The irregularity of working night shifts and doing on-calls caused me to often feel exhausted at work and then be unable to sleep during the day. Trying to re-organize my sleep pattern following nights became a crucially important part of my exam preparation and I learned many important lessons about ‘sleep hygiene’ along the way. Sleep hygiene is a set of different practices that help to promote good quality sleep and daytime alertness.
Improving sleep hygiene
One of the best ways to ensure adequate sleep whilst on night shifts is to eliminate all noise and light from your sleep environment. I had blackout window blinds fitted in my bedroom and would also wear earplugs and a sleep mask.
Melatonin controls our sleep-wake cycle, with the pineal gland starting to produce it in the evening and levels peaking in the middle of the night. Blue light exposure in the morning then suppresses production, and levels remain low until the evening when blue light levels fall, and it becomes dark again. Watching TV or reading from a backlit iPad in the morning when returning home from a night shift will suppress melatonin production and disrupt your sleep pattern further, so try to avoid this if at all possible. An alternative is to wear blue-light blocking glasses in the last hour or two before going to bed. Better still, try listening to an audiobook or some gentle music before going to bed.
It is very tempting to load up with caffeine when working night shifts. This will certainly give you a boost when working on your shift, but caffeine can stay in your system for between 6 and 10 hours. I stopped drinking coffee altogether on night shifts, and it definitely improved my sleep pattern, but if you feel that you must have a cup, try to do it in the first hour or two of your shift only.
Try also to avoid drinking alcohol before you go to sleep. It will certainly make you sleepy initially, but it will reduce your sleep quality and can shorten the period that you sleep for. You are also more likely to feel groggy and be less productive when you do wake up.
It has been shown that people that exercise have better quality sleep, and trying to do some gentle exercise during your night shifts can help facilitate improved sleep. The caveat is that strenuous exercise too close to bedtime can cause increased alertness and delay falling asleep. Try going for a walk or a gentle jog or swim before your shift to see if this helps your sleep when you return home after the shift but avoid exercising when you get home and are preparing for bed.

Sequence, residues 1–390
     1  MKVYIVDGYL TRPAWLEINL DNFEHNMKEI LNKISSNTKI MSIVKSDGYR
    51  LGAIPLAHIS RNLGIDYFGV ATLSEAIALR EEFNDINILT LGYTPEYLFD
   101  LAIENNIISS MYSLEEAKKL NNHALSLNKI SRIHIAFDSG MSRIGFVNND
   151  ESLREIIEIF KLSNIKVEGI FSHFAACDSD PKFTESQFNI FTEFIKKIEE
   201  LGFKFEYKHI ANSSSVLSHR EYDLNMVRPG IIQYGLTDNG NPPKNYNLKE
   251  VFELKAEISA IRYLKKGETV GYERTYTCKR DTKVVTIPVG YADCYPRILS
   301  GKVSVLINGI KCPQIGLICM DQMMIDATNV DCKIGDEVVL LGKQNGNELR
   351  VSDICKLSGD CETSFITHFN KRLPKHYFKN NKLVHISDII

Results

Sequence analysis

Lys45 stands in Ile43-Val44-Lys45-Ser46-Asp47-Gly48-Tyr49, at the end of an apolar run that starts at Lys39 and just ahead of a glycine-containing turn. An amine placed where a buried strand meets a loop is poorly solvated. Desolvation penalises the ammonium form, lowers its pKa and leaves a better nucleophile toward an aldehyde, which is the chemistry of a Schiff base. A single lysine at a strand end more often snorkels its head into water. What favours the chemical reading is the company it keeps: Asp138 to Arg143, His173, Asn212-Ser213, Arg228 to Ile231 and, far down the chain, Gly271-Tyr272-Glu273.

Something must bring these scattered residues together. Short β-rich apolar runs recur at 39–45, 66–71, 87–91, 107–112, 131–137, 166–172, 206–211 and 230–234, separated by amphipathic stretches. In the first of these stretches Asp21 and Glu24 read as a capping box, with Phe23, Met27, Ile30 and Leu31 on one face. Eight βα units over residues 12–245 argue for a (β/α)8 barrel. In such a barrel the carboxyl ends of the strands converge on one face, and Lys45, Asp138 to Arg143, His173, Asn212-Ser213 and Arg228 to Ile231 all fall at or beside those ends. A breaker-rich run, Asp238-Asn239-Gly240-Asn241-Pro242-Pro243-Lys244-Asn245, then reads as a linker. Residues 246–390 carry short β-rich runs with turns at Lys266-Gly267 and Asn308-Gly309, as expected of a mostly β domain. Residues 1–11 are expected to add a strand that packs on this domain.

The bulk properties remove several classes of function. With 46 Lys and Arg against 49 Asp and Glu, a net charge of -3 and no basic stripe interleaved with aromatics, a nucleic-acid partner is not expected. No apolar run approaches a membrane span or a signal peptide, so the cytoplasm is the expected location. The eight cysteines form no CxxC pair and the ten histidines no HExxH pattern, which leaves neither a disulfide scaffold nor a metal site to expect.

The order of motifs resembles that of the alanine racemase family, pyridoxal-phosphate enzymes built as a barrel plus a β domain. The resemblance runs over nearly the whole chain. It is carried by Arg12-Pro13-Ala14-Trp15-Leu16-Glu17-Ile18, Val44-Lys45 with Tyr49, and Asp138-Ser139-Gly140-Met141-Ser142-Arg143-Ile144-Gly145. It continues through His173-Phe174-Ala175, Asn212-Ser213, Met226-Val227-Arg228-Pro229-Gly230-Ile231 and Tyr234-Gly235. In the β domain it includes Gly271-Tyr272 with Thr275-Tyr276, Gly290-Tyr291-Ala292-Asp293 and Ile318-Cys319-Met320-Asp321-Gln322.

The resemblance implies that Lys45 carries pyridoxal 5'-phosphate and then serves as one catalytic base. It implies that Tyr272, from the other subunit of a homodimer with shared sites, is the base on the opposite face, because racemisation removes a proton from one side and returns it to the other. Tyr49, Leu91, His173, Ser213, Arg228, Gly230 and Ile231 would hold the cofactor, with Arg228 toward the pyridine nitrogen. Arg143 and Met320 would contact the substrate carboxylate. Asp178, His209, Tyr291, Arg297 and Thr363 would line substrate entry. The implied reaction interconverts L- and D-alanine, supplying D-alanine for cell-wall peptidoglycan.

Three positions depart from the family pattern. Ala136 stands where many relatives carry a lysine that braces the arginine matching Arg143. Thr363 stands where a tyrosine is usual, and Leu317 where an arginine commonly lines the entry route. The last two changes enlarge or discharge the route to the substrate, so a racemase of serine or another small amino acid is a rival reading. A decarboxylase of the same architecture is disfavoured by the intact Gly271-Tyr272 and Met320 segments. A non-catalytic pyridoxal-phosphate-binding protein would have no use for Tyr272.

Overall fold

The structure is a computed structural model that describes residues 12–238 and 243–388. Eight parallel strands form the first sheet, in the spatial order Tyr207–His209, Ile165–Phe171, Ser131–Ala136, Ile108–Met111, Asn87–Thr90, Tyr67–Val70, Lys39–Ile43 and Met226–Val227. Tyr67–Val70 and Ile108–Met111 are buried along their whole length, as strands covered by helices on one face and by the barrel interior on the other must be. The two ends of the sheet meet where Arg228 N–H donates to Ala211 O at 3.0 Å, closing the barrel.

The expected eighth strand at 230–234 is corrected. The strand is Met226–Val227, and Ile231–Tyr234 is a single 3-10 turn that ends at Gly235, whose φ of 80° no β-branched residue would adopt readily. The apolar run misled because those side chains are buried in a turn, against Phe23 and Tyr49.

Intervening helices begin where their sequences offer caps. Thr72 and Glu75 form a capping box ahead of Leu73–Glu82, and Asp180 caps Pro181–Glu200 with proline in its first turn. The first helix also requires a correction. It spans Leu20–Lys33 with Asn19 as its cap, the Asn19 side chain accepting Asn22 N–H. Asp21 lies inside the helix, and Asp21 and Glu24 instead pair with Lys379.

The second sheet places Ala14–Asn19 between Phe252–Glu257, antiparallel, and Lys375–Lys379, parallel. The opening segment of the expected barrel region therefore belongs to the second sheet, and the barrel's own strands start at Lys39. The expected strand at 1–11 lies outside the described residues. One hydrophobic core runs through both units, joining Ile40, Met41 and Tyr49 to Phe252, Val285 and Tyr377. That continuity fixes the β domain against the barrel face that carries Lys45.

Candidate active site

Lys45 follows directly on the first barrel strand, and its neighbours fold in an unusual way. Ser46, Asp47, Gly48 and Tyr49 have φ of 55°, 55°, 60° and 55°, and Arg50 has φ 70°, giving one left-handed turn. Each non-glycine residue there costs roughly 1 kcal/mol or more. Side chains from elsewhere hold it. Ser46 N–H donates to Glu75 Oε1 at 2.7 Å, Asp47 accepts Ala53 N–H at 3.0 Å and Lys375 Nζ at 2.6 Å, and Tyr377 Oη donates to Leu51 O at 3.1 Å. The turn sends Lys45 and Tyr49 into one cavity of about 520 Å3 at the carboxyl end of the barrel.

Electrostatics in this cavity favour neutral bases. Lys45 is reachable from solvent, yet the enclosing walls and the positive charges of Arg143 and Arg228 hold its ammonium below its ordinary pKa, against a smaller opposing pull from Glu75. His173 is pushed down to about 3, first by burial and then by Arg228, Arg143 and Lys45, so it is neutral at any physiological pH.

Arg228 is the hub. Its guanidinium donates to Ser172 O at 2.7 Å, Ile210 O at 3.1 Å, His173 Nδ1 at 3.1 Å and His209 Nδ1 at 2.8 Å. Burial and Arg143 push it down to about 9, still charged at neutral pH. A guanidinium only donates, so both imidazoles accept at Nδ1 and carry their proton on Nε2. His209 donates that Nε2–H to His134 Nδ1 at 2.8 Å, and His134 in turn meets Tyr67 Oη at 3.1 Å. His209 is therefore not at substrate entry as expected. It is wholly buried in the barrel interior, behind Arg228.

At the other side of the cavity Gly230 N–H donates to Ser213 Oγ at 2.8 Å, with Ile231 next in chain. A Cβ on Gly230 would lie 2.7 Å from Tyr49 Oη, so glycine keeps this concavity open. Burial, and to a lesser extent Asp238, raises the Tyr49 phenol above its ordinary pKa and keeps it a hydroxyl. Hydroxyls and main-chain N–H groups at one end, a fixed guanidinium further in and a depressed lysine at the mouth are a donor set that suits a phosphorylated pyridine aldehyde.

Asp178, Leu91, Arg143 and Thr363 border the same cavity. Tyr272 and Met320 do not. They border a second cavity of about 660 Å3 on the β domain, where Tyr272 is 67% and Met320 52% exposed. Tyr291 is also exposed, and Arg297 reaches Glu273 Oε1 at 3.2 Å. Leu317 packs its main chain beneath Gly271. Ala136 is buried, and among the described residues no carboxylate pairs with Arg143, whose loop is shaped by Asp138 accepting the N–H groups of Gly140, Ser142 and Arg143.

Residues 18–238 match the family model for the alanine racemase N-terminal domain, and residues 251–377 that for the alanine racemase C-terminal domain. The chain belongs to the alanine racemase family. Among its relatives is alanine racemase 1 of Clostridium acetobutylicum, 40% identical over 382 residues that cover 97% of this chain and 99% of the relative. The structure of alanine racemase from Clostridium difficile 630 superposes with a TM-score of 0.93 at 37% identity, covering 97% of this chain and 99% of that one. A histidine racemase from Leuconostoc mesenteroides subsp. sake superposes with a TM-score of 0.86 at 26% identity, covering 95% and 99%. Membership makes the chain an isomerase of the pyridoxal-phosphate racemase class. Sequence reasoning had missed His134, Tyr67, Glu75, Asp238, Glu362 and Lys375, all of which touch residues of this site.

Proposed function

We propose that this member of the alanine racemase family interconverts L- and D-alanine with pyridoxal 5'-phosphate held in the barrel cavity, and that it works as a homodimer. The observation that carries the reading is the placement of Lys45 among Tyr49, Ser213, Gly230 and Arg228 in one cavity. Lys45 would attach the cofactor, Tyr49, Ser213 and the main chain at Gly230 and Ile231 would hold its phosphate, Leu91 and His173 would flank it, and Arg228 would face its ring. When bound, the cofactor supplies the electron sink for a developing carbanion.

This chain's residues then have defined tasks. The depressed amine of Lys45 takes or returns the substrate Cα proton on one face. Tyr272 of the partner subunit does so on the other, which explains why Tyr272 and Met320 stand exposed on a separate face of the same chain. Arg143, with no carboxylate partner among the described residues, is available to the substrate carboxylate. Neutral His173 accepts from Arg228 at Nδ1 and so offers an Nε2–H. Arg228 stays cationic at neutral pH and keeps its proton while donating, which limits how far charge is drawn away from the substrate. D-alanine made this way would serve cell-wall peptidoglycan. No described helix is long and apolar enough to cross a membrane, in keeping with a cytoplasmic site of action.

When all else fails, try to grab a nap whenever you can. If your shift is quiet, try to take it in turns to get a short sleep whilst at work. If you work in a team, try to organise a short sleep break for each member and cover for each other in turns. If it becomes busy or an emergency crops up, it is very easy to be woken up, and you will almost certainly be fresher and more alert to deal with the situation.
Key points to remember:
✅ A good night’s sleep is more important than all-night studying
✅ Sleep deprivation impairs memory formation and cognition
✅ Sleep deprivation is also associated with a wide variety of serious
✅ Junior doctor sleep patterns can disrupt sleep patterns severely
✅ Take measures to improve your ‘sleep hygiene’ to improve your
Header image used on licence from Shutterstock
Medical Exam Prep would like to thank Dr. Marc Barton for permission to reproduce this extract from his book ‘How to Pass Medical Exams: A Survival Guide for Medical Students and Doctors’.
About Dr. Marc Barton
Dr. Marc Barton qualified from Imperial College School of Medicine in 2001. Since that time he has worked in a variety of different medical specialities. He worked as a GP partner from 2006 until 2008 and more recently as a higher specialist trainee in Emergency Medicine.
‘How to Pass Medical Exams’ is available for purchase here.